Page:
ONE of the most successful teams in amateur basketball which have yet to climb into the pro league is the Lamoiyan Corporation franchise, more popularly known as Hapee Toothpaste to basketball fans.
Under the franchise’s belt is four championships in the PBL, one in the PBA D-League, several runner-up finishes along the way, and a bevy of players who eventually made it big in the professional ranks.
“Sa akin, siguro kayang magbuo ng dalawang team sa PBA na pang-championship,” said Bernard Yang, when asked if he has kept track of how many PBA players that passed the franchise at one point in their career.
Yang is the team manager of those Lamoiyan franchise teams beginning in 1998 until the squad played in the PBA D-League years after the PBL folded. But he and the team are not taking the credit for the success of the players who at one point joined the Lamoiyan franchise.
For the team, Yang said their past players are already made and the team merely served as a stepping stone in order to achieve their dream of playing in the PBA.
“Hindi naman tayo ‘yung nag-buo pero at least, naging part tayo. Okay na tayo dun,” said Yang. “Ang importante sa atin, nakapagbigay tayo ng exposure, ‘yung pangarap nilang makapag-PBA [nakuha nila], at [nakapagbigay tayo ng] konting advice natin.”
Hapee won its first crown in the 1996 Reinforced Cup with Chinese import Ma Jian towing the team to the championship with local players Erwin Framo, Joel Dualan, and Leo Austria, now the head coach of San Miguel.
But it was in the early 2000s that Hapee really began winning multiple championships. An Ateneo-backed Hapee-Nenaco squad captured the 2002 Chairman’s Cup with the core of the Blue Eagles squad led by Enrico Villanueva winning the crown over Blu Sun Power. The Blue Eagles eventually won the UAAP championship that year.
Hapee then took the 2003 Unity Cup with PJ Simon backstopping the team. Wesley Gonzales and Rich Alvarez were also part of that Hapee squad that beat Viva Mineral Water for the championship.
One of their famous title victories came in the 2003-2004 Platinum Cup with the now Fash Liquid Detergent edging Welcoat Paints in a thrilling series that went the distance. After winning the MVP, Simon once again towed the squad along with Allan Salangsang and Larry Fonacier to win the crown in Game Five, 61-55, behind a capacity crowd at the Philsports Arena.
After 11 years, Hapee claimed another title in the amateur league, this time in the PBA D-League when it ruled the Aspirants Cup with a star-studded team that had Bobby Ray Parks, Troy Rosario, Scottie Thompson, Baser Amer, Chris Newsome, Garvo Lanete, Arth Dela Cruz, Ola Adeogun, and Kirk Long.
Along the way were several second-place finishes in the PBL from players such as Jayson Castro, Gabe Norwood, Beau Belga, Mark Borboran, Larry Rodriguez, Reed Juntilla for Hapee in the mid-2000s to Cyrus Baguio, Nino Gelig, and MBA MVP John Ferriols during the Dazz Dishwashing Liquid era in the early 2000s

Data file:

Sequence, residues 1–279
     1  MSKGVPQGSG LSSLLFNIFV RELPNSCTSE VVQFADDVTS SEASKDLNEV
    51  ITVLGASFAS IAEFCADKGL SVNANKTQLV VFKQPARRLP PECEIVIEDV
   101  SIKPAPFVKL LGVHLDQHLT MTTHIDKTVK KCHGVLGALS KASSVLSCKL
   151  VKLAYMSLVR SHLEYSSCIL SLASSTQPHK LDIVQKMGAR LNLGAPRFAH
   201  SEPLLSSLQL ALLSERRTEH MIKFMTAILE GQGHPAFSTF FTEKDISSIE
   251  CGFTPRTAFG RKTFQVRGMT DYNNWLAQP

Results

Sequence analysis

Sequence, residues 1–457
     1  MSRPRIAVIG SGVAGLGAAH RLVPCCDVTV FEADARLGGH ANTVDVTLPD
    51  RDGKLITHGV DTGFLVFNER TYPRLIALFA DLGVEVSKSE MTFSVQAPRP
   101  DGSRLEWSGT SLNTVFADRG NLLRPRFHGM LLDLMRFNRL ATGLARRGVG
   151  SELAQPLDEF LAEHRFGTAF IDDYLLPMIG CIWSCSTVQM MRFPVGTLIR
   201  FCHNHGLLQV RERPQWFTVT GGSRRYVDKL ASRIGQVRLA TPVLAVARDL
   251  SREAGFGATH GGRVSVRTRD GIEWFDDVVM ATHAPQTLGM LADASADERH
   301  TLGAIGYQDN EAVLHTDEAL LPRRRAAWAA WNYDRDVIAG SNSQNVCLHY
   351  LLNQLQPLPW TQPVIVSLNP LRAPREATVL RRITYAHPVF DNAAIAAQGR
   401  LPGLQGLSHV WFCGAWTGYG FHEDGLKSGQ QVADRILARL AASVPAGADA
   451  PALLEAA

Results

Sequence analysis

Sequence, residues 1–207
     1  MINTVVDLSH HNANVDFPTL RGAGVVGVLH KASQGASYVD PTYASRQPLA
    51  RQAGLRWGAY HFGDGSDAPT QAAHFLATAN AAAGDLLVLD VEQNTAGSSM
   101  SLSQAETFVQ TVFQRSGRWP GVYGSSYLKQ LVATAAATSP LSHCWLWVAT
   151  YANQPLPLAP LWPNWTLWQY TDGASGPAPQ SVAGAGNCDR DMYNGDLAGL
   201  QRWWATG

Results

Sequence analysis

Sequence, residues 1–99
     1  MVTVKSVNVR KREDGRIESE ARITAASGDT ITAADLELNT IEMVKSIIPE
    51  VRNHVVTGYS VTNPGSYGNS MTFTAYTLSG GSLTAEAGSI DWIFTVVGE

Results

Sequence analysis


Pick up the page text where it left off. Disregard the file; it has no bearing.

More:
Others who were part of the Lamoiyan franchise were Chris Tiu, Jervy Cruz, and JVee Casio when they played for Licealiz during the later years of the PBL.
Yang credited Hapee’s consistent performances in the amateur league to the leadership of owner and sportsman Cecilio Pedro.
“Sabi ko nga, suwerte lang din. Blessed din tayo na maayos din ‘yung organization. Si Mr. Pedro napapatakbo niya. Kahit hindi naman tayo ganun na sobrang laki magpa-sweldo, masaya sila,” said Yang.
“Tamang koneksyon lang. Gusto mo maglaro, okay na. Suwerte lang din at mabait lang din ‘yung mga nakakausap natin na mga agents. Gusto nila [players] maglaro, sige puwede ka sa Hapee,” he added.
More than the many PBA players that passed through Hapee, Yang is - no pun intended - happy that all of them, even those who didn’t make it to the pros, had better lives in their careers.
“Wala pa naman akong naisip na dumaan sa Hapee na naging pangit ‘yung career o naging balasubas na player o napariwara. ‘Yung kultura namin dito sa Hapee, nadala rin siguro nila. ‘Yun ang puwede nating mapagmalaki,” he said.
Today, the Lamoiyan Corporation franchise has no basketball team in any leagues in the country since the Hapee Fresh Fighters finished second in the 2015 Foundation Cup. However, Yang said that Pedro still keeps track on the goings-on in Philippine basketball.
“Actually bago pa naman natigil dahil sa COVID, nandoon pa rin,” Yang said, referring to the interest of Pedro and the company to return to basketball. “Everytime na nag-uusap kami ni Mr. Pedro, kinakamusta niya ang PBA, D-League. Nandoon pa rin ang interest.”
That being said, Yang believes a Hapee comeback in Philippine basketball isn’t far-fetched at all.
“Tingin ko ‘yung timing lang talaga at saka siguro kung may opportunity. Bakit hindi,” Yang said.